Wednesday, February 11, 2009

Munich … Peace for Our Time?

Ron FraserColumnist

Munich … Peace for Our Time?

February 9, 2009 | From

The 45th annual Munich Security Conference was different to all the others. But will the outcome produce peace for our time?

It was the infamous declaration that British Prime Minister Chamberlain made upon his return from negotiating a peace settlement between Great Britain and Nazi Germany that originally connected the city of Munich with the concept of world peace.

Landing at Heston Airport on his return from Munich, Sept. 30, 1938, Chamberlain waved the piece of paper containing the signatures of both himself and Hitler, the document known as the Munich Agreement, declaring his belief that it would secure “peace for our time.”

Less than one year later, on Sept. 3, 1939, two days after the Nazi invasion of Poland, Britain was at war with Germany, a war that was to engulf the globe before the Allies secured their final victory over the Axis nations in 1945.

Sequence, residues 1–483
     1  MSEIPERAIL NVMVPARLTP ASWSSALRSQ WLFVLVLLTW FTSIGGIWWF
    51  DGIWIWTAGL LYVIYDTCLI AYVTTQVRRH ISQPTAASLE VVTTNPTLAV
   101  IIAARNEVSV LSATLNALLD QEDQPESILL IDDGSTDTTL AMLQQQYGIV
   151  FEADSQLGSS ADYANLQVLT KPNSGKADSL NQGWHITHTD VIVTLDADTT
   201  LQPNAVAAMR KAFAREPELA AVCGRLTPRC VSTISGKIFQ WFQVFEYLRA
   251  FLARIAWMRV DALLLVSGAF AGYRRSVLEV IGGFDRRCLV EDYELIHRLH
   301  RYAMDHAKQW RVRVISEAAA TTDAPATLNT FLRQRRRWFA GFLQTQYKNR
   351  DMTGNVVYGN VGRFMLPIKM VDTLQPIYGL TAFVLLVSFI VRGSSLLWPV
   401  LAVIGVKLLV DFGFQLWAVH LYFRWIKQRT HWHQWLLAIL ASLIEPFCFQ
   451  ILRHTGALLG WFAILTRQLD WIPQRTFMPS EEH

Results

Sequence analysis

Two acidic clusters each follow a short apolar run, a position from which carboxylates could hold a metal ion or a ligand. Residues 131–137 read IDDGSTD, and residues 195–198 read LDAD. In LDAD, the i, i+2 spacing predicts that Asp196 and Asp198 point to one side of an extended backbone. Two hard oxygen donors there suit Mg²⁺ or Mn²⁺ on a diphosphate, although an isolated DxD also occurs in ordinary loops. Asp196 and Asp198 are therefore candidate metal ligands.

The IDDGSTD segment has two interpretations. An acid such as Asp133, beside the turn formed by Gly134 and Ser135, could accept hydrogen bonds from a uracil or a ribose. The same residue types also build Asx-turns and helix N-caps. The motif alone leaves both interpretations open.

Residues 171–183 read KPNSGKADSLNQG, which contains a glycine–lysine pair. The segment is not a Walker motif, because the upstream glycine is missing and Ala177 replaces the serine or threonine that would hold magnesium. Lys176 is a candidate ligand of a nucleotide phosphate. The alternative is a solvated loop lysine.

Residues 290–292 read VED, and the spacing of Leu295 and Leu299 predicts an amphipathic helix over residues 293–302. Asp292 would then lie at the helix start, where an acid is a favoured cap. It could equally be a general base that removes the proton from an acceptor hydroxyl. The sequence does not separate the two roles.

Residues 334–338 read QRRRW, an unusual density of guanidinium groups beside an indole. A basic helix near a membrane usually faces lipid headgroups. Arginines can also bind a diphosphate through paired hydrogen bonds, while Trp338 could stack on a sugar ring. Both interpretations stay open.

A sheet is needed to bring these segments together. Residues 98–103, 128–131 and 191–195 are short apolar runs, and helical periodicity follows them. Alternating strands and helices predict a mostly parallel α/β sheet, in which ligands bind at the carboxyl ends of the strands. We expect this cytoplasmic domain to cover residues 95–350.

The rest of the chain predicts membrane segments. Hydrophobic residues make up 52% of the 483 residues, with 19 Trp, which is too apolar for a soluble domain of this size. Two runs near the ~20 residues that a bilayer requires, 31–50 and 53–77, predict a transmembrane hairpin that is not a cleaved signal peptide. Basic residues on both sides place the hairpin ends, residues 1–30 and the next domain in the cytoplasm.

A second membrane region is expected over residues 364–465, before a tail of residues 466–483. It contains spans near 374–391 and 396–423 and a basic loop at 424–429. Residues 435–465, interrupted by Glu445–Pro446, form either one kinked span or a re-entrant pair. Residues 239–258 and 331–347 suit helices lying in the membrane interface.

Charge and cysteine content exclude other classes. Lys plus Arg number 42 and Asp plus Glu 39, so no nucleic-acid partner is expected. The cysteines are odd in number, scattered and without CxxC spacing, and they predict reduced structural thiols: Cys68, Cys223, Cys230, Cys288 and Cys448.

Seventeen years later, Ewald von Kleist, a German publisher, founded the Conference on Security Policy in Munich, in 1962. Delegates at the first conference included government ministers, members of parliament, senior representatives of the armed forces, scientists and journalists. The idea was to create a transatlantic forum focused on the major foreign- and security-policy challenges facing the Western alliance in an endeavor to work toward securing “peace for our time.”

With only a couple of exceptions, the Munich Security Conference (msc) has convened annually ever since.

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